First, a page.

Online financial cybercrimes encompass a range of activities that involve unauthorized access, sabotage, or manipulation of computer systems with the intent to cause financial gain for the cybercriminals or financial loss for the victims. With the proliferation of the internet and mobile banking, these types of fraud have been on the rise. Here are various cybercrimes categorized under online financial fraud:
- Business Email Compromise/Email Takeover: This involves criminals gaining unauthorized access to a business email account and using it to deceive employees, customers, or business partners into making fraudulent financial transactions.
- Debit/Credit Card Fraud/Sim Swap Fraud: Criminals obtain unauthorized access to debit or credit card details or perform sim swap fraud to take control of a victim’s mobile number, allowing them to carry out fraudulent transactions.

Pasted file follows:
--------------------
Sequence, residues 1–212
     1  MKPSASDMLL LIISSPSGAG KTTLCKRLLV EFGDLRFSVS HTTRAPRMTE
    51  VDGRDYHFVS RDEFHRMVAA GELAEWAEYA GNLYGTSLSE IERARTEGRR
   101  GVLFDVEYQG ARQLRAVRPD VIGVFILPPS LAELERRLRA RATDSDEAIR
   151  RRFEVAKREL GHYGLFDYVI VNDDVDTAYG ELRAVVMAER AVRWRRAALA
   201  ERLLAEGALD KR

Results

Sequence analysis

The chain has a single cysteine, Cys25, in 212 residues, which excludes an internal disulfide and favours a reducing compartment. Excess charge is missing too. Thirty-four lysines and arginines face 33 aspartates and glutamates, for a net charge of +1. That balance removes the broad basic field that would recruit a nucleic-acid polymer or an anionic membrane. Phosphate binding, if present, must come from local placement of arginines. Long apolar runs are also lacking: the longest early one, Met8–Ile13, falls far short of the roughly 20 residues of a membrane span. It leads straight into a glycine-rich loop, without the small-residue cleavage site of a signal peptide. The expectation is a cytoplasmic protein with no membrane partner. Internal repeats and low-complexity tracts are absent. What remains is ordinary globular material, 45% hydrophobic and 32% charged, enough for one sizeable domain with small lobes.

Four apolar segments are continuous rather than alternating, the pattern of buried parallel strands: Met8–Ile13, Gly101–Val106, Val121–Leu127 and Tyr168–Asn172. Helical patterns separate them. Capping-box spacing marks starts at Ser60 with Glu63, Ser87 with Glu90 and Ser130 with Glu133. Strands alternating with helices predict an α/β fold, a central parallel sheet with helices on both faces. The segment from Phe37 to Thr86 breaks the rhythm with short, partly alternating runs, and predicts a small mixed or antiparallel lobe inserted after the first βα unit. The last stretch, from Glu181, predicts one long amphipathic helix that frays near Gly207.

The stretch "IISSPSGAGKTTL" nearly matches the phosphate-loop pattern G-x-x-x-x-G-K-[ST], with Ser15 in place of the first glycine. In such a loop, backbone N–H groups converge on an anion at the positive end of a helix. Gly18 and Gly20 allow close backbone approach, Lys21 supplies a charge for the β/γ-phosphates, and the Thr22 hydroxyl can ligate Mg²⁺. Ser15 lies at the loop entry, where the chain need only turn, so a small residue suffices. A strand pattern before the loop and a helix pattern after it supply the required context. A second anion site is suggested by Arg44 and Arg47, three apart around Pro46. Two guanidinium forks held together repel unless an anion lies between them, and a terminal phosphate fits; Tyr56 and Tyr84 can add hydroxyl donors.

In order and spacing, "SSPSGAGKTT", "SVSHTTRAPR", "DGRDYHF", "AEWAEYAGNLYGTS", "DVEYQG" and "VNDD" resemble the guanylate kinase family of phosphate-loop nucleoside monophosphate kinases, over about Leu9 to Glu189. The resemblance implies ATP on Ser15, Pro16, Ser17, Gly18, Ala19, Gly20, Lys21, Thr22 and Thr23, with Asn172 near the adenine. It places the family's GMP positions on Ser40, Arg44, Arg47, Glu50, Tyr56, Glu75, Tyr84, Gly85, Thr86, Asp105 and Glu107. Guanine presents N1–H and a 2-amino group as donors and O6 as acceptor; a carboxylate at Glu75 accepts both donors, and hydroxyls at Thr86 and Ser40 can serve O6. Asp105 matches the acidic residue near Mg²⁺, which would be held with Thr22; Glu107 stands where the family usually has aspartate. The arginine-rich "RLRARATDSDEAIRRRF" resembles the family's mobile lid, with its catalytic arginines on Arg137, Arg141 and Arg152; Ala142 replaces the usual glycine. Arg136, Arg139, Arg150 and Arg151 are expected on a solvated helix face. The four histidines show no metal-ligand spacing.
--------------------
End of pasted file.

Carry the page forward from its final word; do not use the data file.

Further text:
- Demat/Depository Fraud: Fraudulent activities related to demat accounts and depository services, such as unauthorized trades, account takeovers, or manipulation of shareholding records.
- E-Wallet Related Fraud: Fraudulent activities involving mobile e-wallets, including unauthorized access to e-wallet accounts, phishing scams, or fraudulent transactions.
- Fraud Call/Vishing: Criminals make fraudulent phone calls pretending to be representatives of banks, financial institutions, or government agencies to deceive victims into revealing sensitive financial information or performing unauthorized transactions.
- Internet Banking Related Fraud: Fraudulent activities targeting internet banking platforms, such as unauthorized access to accounts, phishing attacks, or malware-infected transactions.
- UPI Fraud: Fraudulent activities involving Unified Payments Interface (UPI) transactions, including unauthorized access to UPI accounts, phishing scams, or fraudulent fund transfers.
These categories represent some of the common online financial frauds that individuals and businesses may encounter. It is essential to stay vigilant, practice secure online behaviors, regularly monitor financial transactions, and report any suspicious activities to the relevant authorities or financial institutions. Employing strong security measures, such as two-factor authentication, using secure networks, and keeping software and devices updated, can also help protect against these types of cybercrimes.